Rally unites interethnic voices to support immigrants

Michael Shapiro fears he may never see his only son, Vlad, again.

Vlad, 23, lives in Moscow. And though he recently received news that the United States has granted him refugee status, a proposed bill known as the Immigration Reform Act of 1995 would dramatically curtail the number of legal immigrants who could enter this country to reunite with family members.

"With the new bill, [Vlad] won't have any chances at all," lamented Michael Shapiro, a 45-year-old engineer who emigrated to the Bay Area from Moscow in 1990 and now lives in Mountain View.

"Even if he does receive the permission to enter this country to become a permanent resident and citizen, what about other people [like him]?" he said.

That concern motivated Shapiro to blast the bill before some 500 people at a Sunday rally celebrating the contributions of legal immigrants to this country.

In San Francisco Chinatown's Portsmouth Square, Shapiro and other Jews stood next to Asian Americans, who stood next to African Americans, Irish Americans, Italian Americans, Philipinos and Latinos.

Together, the diverse crowd listened to ethnic music and rousing speeches by local dignitaries, wrote letters to legislators expressing their opposition to the immigration bill, and belted out the "Star Spangled Banner."

"This country has been created by immigrants, and the diversity and the richness of their ideas and their talents has made this country the greatest country in the world," Shapiro said.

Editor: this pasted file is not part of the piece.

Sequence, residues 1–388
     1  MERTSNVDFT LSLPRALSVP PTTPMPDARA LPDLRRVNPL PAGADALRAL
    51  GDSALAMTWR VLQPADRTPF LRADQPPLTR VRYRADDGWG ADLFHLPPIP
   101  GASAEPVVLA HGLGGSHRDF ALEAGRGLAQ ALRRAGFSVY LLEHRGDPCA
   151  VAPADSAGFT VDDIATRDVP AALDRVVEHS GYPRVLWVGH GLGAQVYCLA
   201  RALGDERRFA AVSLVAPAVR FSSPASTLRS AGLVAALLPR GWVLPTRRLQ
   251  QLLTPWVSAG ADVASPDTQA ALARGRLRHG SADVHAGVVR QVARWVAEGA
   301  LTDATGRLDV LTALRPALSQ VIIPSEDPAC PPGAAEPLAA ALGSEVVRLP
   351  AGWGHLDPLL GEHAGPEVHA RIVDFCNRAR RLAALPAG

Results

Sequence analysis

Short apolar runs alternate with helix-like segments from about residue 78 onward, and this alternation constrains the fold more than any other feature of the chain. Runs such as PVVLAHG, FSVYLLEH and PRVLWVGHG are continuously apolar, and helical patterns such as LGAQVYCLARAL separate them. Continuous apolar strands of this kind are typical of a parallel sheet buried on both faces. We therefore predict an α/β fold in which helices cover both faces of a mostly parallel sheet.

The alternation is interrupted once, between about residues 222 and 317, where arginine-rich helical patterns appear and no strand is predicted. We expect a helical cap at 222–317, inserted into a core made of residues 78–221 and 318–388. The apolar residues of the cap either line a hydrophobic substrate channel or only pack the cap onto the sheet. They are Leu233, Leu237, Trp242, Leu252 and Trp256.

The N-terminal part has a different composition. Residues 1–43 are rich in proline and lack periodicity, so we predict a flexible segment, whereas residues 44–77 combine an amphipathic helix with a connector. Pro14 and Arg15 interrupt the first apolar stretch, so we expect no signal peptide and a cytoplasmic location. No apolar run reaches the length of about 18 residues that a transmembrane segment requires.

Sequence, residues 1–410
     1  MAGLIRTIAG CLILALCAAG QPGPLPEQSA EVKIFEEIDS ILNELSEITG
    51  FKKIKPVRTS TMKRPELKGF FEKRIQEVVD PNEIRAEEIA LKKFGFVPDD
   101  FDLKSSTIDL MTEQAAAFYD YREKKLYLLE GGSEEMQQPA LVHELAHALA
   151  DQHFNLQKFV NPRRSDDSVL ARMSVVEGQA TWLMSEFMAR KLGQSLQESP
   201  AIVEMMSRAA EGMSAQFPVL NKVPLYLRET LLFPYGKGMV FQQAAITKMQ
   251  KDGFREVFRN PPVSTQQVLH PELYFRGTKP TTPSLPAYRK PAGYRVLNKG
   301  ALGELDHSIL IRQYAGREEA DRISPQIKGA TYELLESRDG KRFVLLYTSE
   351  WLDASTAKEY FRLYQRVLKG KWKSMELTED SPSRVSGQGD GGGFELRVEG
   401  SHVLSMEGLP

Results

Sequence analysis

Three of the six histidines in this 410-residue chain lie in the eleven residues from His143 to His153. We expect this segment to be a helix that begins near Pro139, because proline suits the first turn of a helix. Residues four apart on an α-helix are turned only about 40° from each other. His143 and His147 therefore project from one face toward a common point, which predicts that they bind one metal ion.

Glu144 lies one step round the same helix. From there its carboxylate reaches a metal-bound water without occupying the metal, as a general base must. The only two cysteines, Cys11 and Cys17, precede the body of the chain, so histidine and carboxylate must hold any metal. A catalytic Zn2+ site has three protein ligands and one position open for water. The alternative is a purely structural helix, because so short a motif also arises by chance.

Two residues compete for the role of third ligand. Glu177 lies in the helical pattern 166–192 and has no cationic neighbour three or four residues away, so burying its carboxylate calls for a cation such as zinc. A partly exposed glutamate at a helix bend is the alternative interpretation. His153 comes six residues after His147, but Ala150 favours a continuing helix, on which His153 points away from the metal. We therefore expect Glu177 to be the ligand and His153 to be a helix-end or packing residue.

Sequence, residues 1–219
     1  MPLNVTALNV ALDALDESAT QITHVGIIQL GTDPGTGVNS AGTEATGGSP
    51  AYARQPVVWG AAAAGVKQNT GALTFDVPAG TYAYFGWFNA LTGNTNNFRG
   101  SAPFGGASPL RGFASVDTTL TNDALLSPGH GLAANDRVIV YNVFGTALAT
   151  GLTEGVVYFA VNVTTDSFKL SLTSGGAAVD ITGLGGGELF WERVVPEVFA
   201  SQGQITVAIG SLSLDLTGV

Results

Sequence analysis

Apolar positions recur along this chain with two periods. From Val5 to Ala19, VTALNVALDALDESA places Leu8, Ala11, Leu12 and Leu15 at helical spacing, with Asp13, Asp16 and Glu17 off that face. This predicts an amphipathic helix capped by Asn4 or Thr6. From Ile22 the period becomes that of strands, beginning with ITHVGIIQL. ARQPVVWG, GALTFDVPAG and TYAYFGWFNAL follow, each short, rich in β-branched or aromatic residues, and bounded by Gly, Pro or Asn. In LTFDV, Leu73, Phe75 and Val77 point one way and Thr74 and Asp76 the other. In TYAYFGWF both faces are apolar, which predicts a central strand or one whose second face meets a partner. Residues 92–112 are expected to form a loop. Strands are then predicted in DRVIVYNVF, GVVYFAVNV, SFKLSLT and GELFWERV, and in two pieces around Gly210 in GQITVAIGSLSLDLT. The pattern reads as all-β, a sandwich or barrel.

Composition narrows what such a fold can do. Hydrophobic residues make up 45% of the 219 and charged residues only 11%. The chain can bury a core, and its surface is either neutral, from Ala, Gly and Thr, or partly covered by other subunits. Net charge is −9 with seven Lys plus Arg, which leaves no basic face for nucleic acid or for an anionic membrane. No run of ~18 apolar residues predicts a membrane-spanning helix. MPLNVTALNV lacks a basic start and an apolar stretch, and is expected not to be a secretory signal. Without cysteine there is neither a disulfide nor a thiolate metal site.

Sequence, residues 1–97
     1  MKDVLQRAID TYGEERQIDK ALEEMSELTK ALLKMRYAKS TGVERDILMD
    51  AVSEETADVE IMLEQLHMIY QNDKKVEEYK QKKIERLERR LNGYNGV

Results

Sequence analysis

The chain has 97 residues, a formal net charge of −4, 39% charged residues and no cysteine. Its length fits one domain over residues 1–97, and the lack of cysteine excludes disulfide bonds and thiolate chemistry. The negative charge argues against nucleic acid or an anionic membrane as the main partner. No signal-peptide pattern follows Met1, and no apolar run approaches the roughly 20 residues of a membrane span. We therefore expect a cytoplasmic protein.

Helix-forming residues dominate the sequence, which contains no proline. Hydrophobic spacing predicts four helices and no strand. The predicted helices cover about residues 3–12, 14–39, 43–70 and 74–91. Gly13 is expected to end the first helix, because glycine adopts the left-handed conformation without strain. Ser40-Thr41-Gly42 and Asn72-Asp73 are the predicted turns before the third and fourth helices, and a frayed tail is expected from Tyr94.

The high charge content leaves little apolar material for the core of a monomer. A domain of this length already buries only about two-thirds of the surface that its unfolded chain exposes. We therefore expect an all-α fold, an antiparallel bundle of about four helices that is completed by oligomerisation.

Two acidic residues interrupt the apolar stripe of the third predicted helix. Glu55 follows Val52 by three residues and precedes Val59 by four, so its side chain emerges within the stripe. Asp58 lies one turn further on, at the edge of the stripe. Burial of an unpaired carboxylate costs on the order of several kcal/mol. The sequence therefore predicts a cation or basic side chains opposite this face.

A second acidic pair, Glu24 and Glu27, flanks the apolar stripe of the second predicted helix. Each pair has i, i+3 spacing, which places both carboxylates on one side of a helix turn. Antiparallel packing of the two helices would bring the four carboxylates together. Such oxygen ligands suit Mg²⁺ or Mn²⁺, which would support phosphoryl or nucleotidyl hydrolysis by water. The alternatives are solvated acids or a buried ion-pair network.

Shapiro's was one of two Russian Jewish voices that joined the interethnic chorus of speakers at the event, which was organized by a coalition of Asian and Jewish groups, including the Bay Area Council for Jewish Rescue and Renewal, Jewish Vocational Services, the Jewish Community Federation and American Jewish Congress.

John Rothmann, a San Francisco Jewish political activist, served as master of ceremonies. He opened his remarks by quoting from the Emma Lazarus poem engraved on the Statue of Liberty: "Give me your tired, your poor, your huddled masses yearning to breath free."

"This," he said, "is what America is about."

Among other things, the Immigration Reform Act of 1995, which was proposed by Sen. Alan Simpson (R-Wyo.), would limit the parents of U.S. citizens eligible to immigrate to those who are 65 and older.

"The organized Jewish and Asian communities have longstanding positions in favor of a generous United States immigration policy that emphasizes the importance of reuniting families," said Felice Sheramy, associate director of the S.F.-based Jewish Community Relations Council, which also helped organize the rally.

"For this reason, it was natural for us to come together to organize this rally, which celebrated the economic, cultural and social contributions of legal immigrants."

Among the speakers heralding those achievements were newly elected San Francisco Mayor Willie Brown, State Sen. Milton Marks, Assemblyman John Burton, and San Francisco Supervisors Susan Leal, Tom Hsieh, Mabel Teng and Michael Yaki.

Together, they signed a banner reading "Immigrants Are Good For America." It will be taken to Congress as part of the fight against the Simpson legislation.